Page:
ATTITUDES TO JOB SWITCHING:
Radical Change in Perspectives of New Employees
AUGUST 22, 1996
Job attitudes among young employees are undergoing a radical transformation. Although lifetime employment has been a hallmark of Japanese management practices for much of the postwar era, many of today's young workers no longer feel committed to staying with a single employer throughout their careers.
A survey conducted of new employees this spring by a private research organization revealed that only one in three male and one in five female university graduates intend to work for the same company until retirement.
The figures represent a huge drop from a survey conducted two years ago. Companies, too, are reexamining their hiring practices, and these trends together portend major changes in Japan's employment system.
31% of Males Opt for Commitment
The survey was conducted during February and March this year. A questionnaire was sent to around 37,600 university students about to enter the work force, and about 6,400 responses were returned.
In the survey, 31.2% of males who had secured positions that began in April expressed their intention to remain with the firm for the duration of their careers. This is 14.8 points lower than the figure from the previous survey conducted two years ago.
By contrast, the share of respondents who said they intend to switch jobs or start their own business in the future rose by 2.1 points to 17.8%. There was also a 12.6 point increase to 50.7% in the percentage of men who said that such prospects were conceivable depending on the circumstances.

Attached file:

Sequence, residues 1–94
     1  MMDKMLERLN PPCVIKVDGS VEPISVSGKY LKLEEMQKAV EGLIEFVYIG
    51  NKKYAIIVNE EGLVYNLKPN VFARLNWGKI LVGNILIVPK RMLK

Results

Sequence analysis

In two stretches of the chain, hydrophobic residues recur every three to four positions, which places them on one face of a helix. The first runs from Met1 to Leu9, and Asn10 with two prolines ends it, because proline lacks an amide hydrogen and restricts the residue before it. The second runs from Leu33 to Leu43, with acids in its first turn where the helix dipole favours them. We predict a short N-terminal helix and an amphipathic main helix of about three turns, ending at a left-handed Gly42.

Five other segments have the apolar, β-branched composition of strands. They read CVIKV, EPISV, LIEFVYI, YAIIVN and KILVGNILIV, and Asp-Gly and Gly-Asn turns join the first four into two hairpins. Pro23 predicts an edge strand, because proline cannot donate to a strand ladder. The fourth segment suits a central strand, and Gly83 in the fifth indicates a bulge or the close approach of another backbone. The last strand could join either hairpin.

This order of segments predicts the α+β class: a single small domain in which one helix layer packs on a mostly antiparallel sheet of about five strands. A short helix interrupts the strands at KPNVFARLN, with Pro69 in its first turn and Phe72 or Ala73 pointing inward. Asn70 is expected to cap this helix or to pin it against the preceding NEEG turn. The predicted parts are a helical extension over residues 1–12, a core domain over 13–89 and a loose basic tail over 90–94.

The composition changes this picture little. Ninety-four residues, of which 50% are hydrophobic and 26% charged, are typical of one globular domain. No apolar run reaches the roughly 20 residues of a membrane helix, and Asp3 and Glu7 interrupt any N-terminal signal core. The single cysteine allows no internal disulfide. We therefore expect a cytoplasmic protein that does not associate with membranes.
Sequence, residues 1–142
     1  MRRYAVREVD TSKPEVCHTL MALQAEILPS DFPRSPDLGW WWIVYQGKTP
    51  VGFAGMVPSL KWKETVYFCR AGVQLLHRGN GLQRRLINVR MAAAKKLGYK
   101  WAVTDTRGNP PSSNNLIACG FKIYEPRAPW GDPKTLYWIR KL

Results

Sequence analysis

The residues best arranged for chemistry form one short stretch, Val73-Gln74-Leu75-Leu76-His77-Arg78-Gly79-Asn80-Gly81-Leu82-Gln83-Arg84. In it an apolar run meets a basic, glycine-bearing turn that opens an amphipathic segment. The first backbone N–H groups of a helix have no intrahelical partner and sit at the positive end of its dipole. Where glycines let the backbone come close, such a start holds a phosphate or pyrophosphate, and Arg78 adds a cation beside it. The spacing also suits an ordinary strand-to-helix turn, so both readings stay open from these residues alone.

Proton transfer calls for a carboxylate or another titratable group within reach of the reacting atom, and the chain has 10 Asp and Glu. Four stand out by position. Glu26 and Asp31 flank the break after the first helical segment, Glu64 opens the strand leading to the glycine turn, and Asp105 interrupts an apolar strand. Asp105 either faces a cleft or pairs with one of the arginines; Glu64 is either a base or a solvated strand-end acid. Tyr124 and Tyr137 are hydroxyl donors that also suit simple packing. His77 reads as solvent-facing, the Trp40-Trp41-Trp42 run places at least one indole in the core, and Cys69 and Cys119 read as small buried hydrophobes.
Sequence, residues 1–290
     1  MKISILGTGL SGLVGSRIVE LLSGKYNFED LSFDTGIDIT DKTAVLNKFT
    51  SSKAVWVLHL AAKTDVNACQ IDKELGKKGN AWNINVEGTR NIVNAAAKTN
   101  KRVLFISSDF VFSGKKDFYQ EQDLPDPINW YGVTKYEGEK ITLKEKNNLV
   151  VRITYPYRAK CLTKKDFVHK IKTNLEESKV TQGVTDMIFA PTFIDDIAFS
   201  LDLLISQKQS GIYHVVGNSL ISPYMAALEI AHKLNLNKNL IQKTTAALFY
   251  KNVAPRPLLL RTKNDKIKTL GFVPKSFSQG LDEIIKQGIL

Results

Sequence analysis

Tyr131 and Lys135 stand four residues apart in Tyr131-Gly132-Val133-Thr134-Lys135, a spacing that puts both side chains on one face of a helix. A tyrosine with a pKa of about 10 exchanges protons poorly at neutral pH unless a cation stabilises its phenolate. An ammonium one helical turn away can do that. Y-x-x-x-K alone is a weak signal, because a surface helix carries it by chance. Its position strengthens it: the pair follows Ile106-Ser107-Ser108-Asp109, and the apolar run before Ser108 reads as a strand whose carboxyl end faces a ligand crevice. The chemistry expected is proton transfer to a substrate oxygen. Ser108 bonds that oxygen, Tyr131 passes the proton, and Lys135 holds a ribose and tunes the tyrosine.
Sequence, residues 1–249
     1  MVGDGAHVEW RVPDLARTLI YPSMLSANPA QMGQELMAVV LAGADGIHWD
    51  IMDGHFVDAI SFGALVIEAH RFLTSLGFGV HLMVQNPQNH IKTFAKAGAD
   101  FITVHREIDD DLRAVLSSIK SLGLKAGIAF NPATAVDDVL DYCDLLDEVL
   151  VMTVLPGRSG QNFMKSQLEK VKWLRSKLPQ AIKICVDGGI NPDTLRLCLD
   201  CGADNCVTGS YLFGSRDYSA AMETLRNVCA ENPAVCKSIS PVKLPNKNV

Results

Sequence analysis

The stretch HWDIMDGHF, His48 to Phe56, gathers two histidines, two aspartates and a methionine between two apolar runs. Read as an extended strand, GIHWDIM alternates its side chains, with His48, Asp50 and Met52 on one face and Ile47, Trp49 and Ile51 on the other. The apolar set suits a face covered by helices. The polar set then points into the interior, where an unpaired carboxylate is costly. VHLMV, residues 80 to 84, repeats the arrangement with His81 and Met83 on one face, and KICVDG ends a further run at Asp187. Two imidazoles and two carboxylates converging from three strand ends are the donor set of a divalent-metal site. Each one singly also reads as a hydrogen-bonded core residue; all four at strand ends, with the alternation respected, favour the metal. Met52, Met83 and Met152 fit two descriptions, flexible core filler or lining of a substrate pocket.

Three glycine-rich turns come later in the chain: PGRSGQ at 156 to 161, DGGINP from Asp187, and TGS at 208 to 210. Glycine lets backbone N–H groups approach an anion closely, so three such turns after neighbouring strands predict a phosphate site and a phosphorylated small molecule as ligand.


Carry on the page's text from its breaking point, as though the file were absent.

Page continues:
The share of females who hoped to stay with their employer until retirement fell by 8.5 points to 20.4%. Those who said they want to change jobs or start a business edged up 4.1 points to 19.5%, while those who left such a possibility open rose 6.6 points to 58.0%.
Traditionally, more workers tended to opt for stability in times of recession. For instance, in surveys taken in 1988 and 1990--years when business conditions were buoyant--40.2% and 40.8% of male respondents, respectively, said they intended to put in a lifetime of service to their employer. This figure climbed to 44.5% in 1992, when the bubble economy burst, and to 48.0% in 1994 as the recession deepened.
The latest survey was conducted at a time when business conditions were still sluggish, and yet the figures fell dramatically. This is closely linked to corporate restructuring efforts; companies have increasingly been revising their lifetime employment practices over the past several years with a view to reducing personnel costs and improving productivity.
Typical measures include adjusting the seniority-based wage scale, introducing merit-based pay, and reducing white collar workers. Systems that encourage early retirement have been introduced, and companies are using more temporary and part-time workers.
These changes in corporate personnel management practices are having a big impact on the attitudes of young people about to enter the labor force. Many have reached the conclusion that seeking stable employment is no longer an attractive option and are actively seeking a more fulfilling future through job-hopping and venturing out on one's own.